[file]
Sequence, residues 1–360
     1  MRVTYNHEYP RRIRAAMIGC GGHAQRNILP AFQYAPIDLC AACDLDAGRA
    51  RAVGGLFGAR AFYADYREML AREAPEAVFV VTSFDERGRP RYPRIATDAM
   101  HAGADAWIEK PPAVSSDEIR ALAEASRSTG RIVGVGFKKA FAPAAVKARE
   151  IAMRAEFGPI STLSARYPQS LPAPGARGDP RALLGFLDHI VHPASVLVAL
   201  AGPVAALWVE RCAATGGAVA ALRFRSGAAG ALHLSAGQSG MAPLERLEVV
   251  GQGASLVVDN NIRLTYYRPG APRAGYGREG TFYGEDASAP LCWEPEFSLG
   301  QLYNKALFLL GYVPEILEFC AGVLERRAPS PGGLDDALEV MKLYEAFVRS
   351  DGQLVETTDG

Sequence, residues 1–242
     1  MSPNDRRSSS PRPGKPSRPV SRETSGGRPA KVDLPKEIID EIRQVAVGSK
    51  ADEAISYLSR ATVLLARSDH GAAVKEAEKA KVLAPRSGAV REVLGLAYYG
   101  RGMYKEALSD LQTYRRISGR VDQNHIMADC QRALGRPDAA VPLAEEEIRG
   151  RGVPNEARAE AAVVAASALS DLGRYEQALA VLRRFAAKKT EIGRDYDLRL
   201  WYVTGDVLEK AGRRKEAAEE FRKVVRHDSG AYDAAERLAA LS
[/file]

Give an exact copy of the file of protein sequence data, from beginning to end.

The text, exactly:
Sequence, residues 1–360
     1  MRVTYNHEYP RRIRAAMIGC GGHAQRNILP AFQYAPIDLC AACDLDAGRA
    51  RAVGGLFGAR AFYADYREML AREAPEAVFV VTSFDERGRP RYPRIATDAM
   101  HAGADAWIEK PPAVSSDEIR ALAEASRSTG RIVGVGFKKA FAPAAVKARE
   151  IAMRAEFGPI STLSARYPQS LPAPGARGDP RALLGFLDHI VHPASVLVAL
   201  AGPVAALWVE RCAATGGAVA ALRFRSGAAG ALHLSAGQSG MAPLERLEVV
   251  GQGASLVVDN NIRLTYYRPG APRAGYGREG TFYGEDASAP LCWEPEFSLG
   301  QLYNKALFLL GYVPEILEFC AGVLERRAPS PGGLDDALEV MKLYEAFVRS
   351  DGQLVETTDG

Sequence, residues 1–242
     1  MSPNDRRSSS PRPGKPSRPV SRETSGGRPA KVDLPKEIID EIRQVAVGSK
    51  ADEAISYLSR ATVLLARSDH GAAVKEAEKA KVLAPRSGAV REVLGLAYYG
   101  RGMYKEALSD LQTYRRISGR VDQNHIMADC QRALGRPDAA VPLAEEEIRG
   151  RGVPNEARAE AAVVAASALS DLGRYEQALA VLRRFAAKKT EIGRDYDLRL
   201  WYVTGDVLEK AGRRKEAAEE FRKVVRHDSG AYDAAERLAA LS